Simplifying expressions for use in C programs

• To: mathgroup at smc.vnet.net
• Subject: [mg22051] Simplifying expressions for use in C programs
• From: Wagner Truppel <wtruppel at uci.edu>
• Date: Fri, 11 Feb 2000 02:38:32 -0500 (EST)
• Sender: owner-wri-mathgroup at wolfram.com

```Hi,

I'm currently working with very large expressions that are going to
be hard-coded in a C program, and I'd like to pre-process them using
Mathematica so as to accomplish the following tasks:

- minimize the number of multiplications
- re-define common sub-expressions as new variables

For instance, if

d = - x * z^2 * y^2 - (z^5 - x * y^2)*y^3 + (x^3 - y^5)^2 + (z^5 - x * y^2)^3

which is much much simpler than the simplest expression I actually
have to deal with, I'd like to have Mathematica pre-process it and
output something like this (sans the comments, added here to clarify
my notation for powers):

x3 = x * x * x;

y2 = y * y;
y3 = y * y2;
y5 = y2 * y3;

z2 = z * z;
z5 = z * z2 * z2;

aux1 = (x^3 - y^5);
aux1p2 = aux1 * aux1; /* p2 stands for power 2 */

aux2 = (z^5 - x * y^2);
aux2p3 = aux2 * aux2 * aux2; /* p3 stands for power 3 */

d = - x + z2 + y2 - aux2 * y3 + aux1p2 + aux2p3;

(variable type declarations can easily be added, of course)

Naturally, I'd start with calling Simplify[], whose default behavior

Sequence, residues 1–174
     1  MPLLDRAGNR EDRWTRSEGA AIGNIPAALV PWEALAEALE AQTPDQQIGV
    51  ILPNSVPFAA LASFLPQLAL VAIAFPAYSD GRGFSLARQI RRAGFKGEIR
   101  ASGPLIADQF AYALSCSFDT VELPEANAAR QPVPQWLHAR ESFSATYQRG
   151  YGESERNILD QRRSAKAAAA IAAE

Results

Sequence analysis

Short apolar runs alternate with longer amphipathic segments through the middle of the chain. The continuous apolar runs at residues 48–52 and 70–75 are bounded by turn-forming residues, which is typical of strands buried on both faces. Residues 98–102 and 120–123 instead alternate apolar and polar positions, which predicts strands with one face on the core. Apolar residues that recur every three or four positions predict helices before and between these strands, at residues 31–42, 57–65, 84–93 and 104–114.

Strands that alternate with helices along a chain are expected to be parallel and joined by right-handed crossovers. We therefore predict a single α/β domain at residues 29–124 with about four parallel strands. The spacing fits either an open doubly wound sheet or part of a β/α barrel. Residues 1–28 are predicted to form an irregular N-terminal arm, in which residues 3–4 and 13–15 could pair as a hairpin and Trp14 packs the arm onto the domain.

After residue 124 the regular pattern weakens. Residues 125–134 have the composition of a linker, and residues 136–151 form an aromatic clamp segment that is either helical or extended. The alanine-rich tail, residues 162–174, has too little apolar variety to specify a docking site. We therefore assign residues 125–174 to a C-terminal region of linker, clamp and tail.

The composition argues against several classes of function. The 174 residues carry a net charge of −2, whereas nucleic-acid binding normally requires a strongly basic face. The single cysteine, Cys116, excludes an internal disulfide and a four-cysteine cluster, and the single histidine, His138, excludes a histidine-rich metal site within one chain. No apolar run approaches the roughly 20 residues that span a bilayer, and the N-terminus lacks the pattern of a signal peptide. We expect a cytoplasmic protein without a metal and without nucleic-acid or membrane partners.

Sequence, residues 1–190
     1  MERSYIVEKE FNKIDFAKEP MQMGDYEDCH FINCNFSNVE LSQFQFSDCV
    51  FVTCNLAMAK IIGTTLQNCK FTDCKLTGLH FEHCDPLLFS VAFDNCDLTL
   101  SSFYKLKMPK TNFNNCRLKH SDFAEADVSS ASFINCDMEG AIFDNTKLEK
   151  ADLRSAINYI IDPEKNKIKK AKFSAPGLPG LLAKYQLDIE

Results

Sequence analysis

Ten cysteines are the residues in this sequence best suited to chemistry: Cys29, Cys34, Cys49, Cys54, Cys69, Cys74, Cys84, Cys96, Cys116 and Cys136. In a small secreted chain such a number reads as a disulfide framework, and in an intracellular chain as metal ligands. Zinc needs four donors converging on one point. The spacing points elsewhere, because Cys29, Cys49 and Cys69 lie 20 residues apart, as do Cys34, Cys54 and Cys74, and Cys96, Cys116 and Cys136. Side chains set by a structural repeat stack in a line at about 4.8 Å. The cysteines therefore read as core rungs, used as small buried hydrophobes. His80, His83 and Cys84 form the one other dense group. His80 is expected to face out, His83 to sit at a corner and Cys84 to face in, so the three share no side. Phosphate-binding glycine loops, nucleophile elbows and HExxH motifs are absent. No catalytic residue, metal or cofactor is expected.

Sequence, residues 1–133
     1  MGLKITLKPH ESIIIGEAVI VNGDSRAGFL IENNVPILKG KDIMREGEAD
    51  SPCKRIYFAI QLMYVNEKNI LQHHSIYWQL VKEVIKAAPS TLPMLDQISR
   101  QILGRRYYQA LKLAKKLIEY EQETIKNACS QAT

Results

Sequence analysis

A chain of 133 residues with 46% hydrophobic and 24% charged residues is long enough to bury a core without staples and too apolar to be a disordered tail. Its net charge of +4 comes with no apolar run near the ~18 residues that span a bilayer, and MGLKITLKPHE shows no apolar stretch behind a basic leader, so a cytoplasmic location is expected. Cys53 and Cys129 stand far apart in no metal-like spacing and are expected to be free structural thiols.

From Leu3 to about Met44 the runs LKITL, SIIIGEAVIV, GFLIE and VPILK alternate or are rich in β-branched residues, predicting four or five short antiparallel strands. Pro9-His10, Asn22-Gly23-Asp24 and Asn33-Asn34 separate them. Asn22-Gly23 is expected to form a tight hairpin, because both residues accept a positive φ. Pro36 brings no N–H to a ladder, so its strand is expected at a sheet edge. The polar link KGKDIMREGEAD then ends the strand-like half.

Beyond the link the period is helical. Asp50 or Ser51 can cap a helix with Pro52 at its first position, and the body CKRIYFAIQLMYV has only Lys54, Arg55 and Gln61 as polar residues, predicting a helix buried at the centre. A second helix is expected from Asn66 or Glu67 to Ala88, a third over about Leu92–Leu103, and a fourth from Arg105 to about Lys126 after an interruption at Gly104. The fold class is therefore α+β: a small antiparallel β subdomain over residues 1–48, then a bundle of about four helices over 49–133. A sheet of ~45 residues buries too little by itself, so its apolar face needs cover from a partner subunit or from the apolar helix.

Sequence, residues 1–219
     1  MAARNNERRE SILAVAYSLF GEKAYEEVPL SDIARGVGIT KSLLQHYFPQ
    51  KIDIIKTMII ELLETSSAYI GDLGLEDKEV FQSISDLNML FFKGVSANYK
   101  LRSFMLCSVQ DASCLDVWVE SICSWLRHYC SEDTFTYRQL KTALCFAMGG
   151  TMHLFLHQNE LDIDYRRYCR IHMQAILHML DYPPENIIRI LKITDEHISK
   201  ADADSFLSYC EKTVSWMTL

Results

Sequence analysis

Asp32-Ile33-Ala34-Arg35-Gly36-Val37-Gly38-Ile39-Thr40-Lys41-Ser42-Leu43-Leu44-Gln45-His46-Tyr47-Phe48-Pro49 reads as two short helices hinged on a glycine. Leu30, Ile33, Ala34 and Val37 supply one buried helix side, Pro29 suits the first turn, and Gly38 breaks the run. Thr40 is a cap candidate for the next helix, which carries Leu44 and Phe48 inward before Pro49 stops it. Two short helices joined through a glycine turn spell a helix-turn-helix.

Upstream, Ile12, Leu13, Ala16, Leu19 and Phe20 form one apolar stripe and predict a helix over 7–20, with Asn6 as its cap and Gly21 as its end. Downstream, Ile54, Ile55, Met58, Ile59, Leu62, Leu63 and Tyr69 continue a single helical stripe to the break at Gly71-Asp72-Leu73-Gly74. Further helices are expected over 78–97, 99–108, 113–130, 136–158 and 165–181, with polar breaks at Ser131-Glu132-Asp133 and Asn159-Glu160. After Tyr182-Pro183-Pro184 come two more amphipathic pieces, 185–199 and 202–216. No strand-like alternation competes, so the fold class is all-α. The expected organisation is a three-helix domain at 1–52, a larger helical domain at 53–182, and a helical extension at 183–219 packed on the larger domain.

tries to minimize the number of terms in the input expression.
Figuring out all the powers appearing in the expression doesn't seem
hard (something like Cases[d, _^_, {0,Infinity}] ought to do it), and
figuring out how to break those powers in a way that minimizes the
number of multiplications also isn't too difficult.

For instance, since x already appears in d, but x^2 does not, x3 is
defined as x*x*x rather than x*x2, which would require another
variable to be defined (although the number of multiplications
remains two in both cases, since x2 = x*x). Similarly, since y3 has
to be defined anyway, y5 can be defined as y2*y3, but z5 = z*z2*z2
since z2 does not have to be defined. I've already written a function
to break powers in this fashion: given a list of positive integers,
choose one at a time and try to write it as the sum of either a pair
or a triplet of the smaller ones. If such pair or triplet cannot be
found for a given number, insert half the troubled number (or both
the Ceiling[] and the Floor[] of half of the number, if it's odd)
into the list and start all over again, with the larger list.

My biggest problem is actually recognizing sub-expressions that
appear frequently. Performing that simplification would save a
substantial amount of computation given the expressions I'm dealing
with.

I'm wondering if anyone has had to do things like these or if there
are already Mathematica notebooks freely available that can perform
this sort of pre-processing.

Thanks for any and all help.
Wagner Truppel
wtruppel at uci.edu

```

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